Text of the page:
Below are comments to Detroit News Columnist Danny Howes. For Howes, who somehow escapes the massive poverty that is on very corner of Detroit, workers should always be cheaper and poorer, and; the power elites are just fine:
Tue. 11/11/08 08:38 AM
hourly pay (GM)
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Yes, Sean is right. American autoworkers are among the world's hardest workers and most have the work injuries to prove it. But rather than appreciation for their labor, human spirit and virtue, all they get is disparagement from the rich.
And that is the real basis of the American poverty problem, the elite have nearly succeeded in destroying the goodness of most working people. They have attacked production talent & quality, cheapened production and betrayed our communities.
They have practically obliterated the truth that an economy is not for making a few people filthy rich. They deny the very purpose of an economy, that economies are to put food on everyone's table, to provide happy future's for all our children and to elevate the human condtion.
Because of the immense influence and power of these greedy elites - and we can count the anti-worker, modern and thoughtless UAW as no longer part of us but them - we are now in a crisis of epic proportions. Obviously, as we can see right here in this blog, the cheerleaders of the elite are going to use this crisis to punish the folks who do the work while protecting and extending the crooks who disabled American quality production for dog-eat-dog profit maximization.
We need to stand up and fight these people.
There is the need for a bailout but the bailout must redress the faulty auto production systems.
As bailout conditions, we should demand the government:
1. Give Equity Shares to the folks who do the work in auto.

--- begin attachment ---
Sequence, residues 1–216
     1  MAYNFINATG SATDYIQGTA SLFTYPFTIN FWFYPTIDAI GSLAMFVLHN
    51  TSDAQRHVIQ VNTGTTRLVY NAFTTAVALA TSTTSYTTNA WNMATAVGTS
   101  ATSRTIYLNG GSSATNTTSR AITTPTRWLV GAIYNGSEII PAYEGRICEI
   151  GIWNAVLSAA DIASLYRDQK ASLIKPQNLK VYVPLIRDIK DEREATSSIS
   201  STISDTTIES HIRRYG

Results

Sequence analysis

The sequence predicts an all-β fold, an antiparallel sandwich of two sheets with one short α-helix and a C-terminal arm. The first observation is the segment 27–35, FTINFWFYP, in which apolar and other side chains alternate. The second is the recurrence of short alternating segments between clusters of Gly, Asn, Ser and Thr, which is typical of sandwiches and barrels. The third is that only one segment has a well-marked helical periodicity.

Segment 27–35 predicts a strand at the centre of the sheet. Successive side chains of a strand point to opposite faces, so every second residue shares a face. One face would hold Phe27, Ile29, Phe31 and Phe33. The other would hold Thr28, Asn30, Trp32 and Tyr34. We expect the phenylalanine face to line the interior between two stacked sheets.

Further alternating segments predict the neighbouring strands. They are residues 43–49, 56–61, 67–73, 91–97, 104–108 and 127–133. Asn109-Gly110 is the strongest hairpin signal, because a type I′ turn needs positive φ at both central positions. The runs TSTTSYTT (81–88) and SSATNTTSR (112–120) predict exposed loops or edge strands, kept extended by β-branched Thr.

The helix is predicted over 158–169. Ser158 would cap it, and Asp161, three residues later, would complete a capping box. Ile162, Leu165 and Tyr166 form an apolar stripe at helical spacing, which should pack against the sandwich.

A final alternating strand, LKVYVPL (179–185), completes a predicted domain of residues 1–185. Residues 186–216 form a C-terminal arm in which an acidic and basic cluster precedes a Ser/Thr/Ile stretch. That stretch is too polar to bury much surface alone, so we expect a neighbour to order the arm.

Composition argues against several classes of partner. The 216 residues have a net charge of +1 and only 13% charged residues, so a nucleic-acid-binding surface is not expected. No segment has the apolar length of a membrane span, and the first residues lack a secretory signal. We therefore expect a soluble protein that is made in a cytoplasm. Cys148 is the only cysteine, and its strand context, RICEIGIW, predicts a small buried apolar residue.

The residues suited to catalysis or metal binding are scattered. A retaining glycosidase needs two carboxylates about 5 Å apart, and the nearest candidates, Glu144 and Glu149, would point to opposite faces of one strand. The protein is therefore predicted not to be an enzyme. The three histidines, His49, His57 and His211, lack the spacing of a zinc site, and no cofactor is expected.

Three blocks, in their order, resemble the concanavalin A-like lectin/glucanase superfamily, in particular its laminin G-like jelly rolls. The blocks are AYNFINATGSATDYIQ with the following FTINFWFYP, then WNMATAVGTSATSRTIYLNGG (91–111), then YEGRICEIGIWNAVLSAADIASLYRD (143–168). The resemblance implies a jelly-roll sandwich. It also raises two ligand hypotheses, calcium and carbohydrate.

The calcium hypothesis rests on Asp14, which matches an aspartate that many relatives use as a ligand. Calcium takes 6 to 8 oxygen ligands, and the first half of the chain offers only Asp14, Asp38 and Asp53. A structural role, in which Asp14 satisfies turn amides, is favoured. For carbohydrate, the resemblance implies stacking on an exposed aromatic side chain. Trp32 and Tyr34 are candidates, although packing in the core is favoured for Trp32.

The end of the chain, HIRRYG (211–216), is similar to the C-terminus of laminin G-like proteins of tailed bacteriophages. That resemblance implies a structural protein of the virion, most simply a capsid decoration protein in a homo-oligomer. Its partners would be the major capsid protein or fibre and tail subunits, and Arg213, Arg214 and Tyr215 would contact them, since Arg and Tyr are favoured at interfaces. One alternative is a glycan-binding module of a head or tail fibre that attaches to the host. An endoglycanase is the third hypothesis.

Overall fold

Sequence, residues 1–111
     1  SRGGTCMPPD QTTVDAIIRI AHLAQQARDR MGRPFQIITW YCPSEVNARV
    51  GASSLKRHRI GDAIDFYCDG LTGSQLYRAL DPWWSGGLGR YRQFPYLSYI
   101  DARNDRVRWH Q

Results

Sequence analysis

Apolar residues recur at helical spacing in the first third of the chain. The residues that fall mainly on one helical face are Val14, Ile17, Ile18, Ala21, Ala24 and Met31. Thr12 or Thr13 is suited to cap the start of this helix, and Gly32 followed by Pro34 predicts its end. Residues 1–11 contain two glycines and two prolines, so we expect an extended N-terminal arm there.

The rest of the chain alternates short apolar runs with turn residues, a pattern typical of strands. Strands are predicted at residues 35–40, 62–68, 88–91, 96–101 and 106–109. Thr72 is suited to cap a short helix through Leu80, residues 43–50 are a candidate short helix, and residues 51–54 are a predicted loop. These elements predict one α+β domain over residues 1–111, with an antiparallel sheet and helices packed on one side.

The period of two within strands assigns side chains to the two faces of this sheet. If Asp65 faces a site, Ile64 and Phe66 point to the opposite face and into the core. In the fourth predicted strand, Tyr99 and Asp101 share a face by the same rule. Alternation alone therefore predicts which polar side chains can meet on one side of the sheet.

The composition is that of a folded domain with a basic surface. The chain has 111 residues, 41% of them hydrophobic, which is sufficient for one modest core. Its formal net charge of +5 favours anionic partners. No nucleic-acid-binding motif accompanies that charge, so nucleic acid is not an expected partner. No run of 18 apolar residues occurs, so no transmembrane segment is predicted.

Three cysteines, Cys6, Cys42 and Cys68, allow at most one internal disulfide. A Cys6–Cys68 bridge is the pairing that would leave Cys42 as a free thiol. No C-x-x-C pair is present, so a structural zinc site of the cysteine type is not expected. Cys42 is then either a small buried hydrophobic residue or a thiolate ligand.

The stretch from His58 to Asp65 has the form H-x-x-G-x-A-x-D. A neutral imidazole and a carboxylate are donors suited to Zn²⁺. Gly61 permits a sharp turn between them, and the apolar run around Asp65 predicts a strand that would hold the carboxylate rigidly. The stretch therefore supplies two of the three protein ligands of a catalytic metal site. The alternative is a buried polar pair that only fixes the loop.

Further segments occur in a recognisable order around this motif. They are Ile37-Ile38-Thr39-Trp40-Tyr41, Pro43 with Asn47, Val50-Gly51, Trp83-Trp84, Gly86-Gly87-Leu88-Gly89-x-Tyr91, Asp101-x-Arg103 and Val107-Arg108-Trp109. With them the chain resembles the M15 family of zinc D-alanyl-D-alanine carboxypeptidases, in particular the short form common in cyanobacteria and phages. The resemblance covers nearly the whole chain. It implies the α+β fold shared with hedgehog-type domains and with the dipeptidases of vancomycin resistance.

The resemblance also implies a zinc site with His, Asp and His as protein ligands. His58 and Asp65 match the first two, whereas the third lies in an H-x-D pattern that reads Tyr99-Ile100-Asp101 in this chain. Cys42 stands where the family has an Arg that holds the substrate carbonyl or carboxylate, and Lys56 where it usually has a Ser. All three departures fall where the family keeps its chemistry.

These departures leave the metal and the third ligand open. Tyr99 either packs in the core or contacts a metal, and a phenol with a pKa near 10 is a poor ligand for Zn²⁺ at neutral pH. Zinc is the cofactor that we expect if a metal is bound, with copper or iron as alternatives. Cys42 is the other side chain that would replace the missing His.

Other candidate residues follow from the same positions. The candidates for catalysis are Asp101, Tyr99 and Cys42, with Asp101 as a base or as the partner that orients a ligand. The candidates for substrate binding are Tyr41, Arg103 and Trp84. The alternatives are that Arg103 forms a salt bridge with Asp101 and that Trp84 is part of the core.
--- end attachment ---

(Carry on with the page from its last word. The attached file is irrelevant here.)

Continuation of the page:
2. Return production to the folks who own the tools.
3. Revolutionize the unions to Auto Guilds to free and enhance engineering so that the people who do the work, truly work together in inspirational settings and make the calls in product conception, production design and quality of worklife.
4. Insure that all the workers in the industry are paid comfortable wages and benefits as well as profit sharing.
5. Return to the eight-hour day, 40-hour week with the 4-day, 32-hour week a close objective so as to raise employment.
6. Return to the truth that commerce exists to serve the community.
Gravedigger (Tom Laney)
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Tue. 11/11/08 06:59 AM
hourly pay (GM)
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I just wanted to comment on this subject..It makes me upset to read about this subject, I come from a GM family. My father, husband, brother and uncles have worked for the automaker. I just wanted you people to understand one thing..they deserve every bit of pay they receive. My husband did not always work for GM, he has 10 years and let me tell you something, they work there butts off..I have seen everything, my husband would come home with bruises on his shoulder from putting footrails on trucks, seen my brother with bruuses from putting motors in vehicles(across his stomach from trying to reach in) so dont you dare, to know or tell me that they are not worthy of their pay. All you people do is complain when all your job entails either pushing pencils or pushing buttons on a computer. Heres an idea..why don't YOU go and TRY to do their job and lets see how far you get. TRUST me its not easy, I would like each and every one of you to go to a GM assembly plant and watch these men and women come out of these plants after work, the first time I did I cried, these men and women work soo hard and they age at an unbeleivable rate. Theres nothing more demeaning than to work on a assembly line, and my husband does this day after day just to provide for his family. SO the next tome you feel the urge to complain, do me a favor and stop and take a look first, then walk a mile in those men and women shoes then come and lets hear what you have to say then!!
shawn1234, rochester hills, mi